By Eliana Rudee/JNS.org
In a quintessential “only in Israel” moment, nearly 60 women (and a few dozen men) gathered on a breezy mid-April evening under the Nachlaot stars, sipping good Israeli wine and talking about the intersection of Zionism and feminism.
The “Wonder Women + Wine” event was held by “Wine on the Vine,” a flagship project of The Israel Innovation Fund (TIIF), a nonprofit with a vision to “reignite the Zionist spirit and meet the needs of Jewish civilization in the 21st century by connecting people around the world through the vibrancy and creativity of contemporary Israeli culture.”
In addition to hosting panel and wine-tasting evenings in Jerusalem and Tel Aviv, “Wine on the Vine” partners with elite wineries and Israeli NGOs, offering a way for Israel lovers and wine lovers alike to support both by planting a grapevine at a leading Israeli winery for $18 (a chai in Hebrew, representing “life”).
“The idea is that you are supporting something physical and planted in the land of Israel through proxy, and doing a mitzvah,” said Deb Houben, sommelier and assistant director of “Wine on the Vine.”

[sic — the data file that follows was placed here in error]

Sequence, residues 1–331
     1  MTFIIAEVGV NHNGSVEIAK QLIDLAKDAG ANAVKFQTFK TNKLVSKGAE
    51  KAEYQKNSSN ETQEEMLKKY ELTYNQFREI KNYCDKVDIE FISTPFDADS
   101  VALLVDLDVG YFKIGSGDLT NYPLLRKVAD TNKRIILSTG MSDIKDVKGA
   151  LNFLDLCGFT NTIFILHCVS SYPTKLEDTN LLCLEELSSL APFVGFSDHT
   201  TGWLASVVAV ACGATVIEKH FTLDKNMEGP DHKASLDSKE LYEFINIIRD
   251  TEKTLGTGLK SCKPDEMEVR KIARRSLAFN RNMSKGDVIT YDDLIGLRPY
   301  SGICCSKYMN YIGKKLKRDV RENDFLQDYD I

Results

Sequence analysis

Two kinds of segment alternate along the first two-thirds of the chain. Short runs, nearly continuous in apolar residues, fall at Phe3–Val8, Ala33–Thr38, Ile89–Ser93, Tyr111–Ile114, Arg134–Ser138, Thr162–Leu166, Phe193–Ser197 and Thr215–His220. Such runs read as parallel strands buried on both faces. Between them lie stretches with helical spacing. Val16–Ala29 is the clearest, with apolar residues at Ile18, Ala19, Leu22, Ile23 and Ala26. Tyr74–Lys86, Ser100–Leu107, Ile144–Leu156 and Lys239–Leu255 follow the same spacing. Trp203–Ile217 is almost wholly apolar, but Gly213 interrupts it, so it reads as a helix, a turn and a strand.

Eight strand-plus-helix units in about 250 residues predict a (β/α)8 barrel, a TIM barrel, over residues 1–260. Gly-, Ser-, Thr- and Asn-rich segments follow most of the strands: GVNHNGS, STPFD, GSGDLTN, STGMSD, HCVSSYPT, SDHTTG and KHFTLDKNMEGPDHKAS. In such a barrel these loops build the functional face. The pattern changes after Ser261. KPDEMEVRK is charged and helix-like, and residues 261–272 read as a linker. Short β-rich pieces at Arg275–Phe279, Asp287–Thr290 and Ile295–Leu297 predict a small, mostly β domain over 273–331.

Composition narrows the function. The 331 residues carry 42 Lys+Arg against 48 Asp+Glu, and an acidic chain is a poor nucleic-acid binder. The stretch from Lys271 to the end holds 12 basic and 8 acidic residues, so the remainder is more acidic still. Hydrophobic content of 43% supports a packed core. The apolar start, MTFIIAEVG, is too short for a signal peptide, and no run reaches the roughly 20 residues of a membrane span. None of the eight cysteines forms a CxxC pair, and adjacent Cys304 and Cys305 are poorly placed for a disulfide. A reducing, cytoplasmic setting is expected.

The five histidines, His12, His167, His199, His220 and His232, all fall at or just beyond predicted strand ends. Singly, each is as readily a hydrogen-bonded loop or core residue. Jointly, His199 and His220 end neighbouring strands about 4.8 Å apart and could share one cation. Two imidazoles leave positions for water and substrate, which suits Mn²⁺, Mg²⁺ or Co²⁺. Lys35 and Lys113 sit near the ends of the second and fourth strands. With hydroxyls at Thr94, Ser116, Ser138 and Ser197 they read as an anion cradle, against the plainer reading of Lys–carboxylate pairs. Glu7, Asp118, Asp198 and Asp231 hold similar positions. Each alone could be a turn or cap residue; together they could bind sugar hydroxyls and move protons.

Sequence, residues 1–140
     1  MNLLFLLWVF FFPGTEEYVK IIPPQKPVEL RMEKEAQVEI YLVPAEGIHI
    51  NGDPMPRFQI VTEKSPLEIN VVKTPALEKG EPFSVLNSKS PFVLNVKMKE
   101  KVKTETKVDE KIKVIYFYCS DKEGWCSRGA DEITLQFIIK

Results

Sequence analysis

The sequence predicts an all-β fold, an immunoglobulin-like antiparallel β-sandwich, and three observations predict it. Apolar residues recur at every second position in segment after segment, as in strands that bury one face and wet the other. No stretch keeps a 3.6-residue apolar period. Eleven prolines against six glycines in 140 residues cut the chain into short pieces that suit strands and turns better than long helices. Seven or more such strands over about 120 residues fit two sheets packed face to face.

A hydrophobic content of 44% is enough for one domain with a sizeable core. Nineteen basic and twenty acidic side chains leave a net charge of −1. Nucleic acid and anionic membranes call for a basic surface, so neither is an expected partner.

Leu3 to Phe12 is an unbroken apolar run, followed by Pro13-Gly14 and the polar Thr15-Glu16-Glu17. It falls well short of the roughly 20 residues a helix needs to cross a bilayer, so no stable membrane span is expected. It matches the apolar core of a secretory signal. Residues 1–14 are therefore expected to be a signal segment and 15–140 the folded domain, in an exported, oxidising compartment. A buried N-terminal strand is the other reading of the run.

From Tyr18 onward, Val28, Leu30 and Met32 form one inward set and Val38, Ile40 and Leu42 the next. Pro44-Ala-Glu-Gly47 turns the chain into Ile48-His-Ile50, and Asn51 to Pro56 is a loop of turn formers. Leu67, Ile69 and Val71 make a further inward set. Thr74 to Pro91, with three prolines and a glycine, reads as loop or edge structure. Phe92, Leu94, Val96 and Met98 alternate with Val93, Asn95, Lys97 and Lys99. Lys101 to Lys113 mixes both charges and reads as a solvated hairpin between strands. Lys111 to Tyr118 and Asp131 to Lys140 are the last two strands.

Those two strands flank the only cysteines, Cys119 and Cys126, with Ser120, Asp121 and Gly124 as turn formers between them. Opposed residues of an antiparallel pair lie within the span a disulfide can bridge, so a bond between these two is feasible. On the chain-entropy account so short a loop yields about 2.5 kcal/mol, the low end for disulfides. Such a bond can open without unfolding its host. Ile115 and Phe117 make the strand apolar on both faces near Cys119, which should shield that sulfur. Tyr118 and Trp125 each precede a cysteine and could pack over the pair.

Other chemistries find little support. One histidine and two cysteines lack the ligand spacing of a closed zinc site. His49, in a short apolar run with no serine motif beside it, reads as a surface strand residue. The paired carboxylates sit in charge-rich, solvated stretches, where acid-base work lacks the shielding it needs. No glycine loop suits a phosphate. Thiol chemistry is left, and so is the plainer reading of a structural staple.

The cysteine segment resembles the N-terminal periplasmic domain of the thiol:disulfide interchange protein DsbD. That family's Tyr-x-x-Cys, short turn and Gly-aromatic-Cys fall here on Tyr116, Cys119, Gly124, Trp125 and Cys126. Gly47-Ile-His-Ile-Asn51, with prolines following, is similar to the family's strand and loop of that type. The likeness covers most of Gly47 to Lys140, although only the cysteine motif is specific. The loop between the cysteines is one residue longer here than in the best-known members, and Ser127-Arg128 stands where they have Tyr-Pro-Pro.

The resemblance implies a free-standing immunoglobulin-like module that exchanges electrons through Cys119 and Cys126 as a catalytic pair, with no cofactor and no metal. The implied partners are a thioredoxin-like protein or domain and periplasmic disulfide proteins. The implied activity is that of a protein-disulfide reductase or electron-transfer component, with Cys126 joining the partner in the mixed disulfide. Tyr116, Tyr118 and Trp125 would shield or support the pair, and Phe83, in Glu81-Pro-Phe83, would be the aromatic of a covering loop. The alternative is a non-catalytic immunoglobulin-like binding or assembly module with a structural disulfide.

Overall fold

Houben’s personal connection to wine, which she says parallels the land of Israel, is through its infiniteness and liveliness. “There’s always something new to taste. No wine, even within the same bottle, is experienced the same,” she said. “Wine is the eretz of my life, my connection to the land,” maintained Houben, who immigrated to Israel from the United States and has been working in the wine industry since 2007.
But as with all things “alive,” she added, there is always work to be done. Houben argued that within the global wine industry, and even in Israel, many women have knowledge of the field, but few actually make wine. She estimates that out of the 300 or so winemakers in Israel, fewer than a dozen are women.
So to highlight women’s role in the wine industry, the evening featured a panel of four female Zionist leaders who are making social change in Israel, connecting their ability to do so with the land. As they spoke about their work, guests sipped wines from MAIA and Tulip wineries.
Tatiana Hasson, director of outreach and engagement for TIIF, led the panel and maintained that Israel and feminism to her “means reaching potential.” She said “in Israel, anything I want to accomplish I am able to, and everyone around me pushes me to do just that.”
Grappling With Change In Their Lives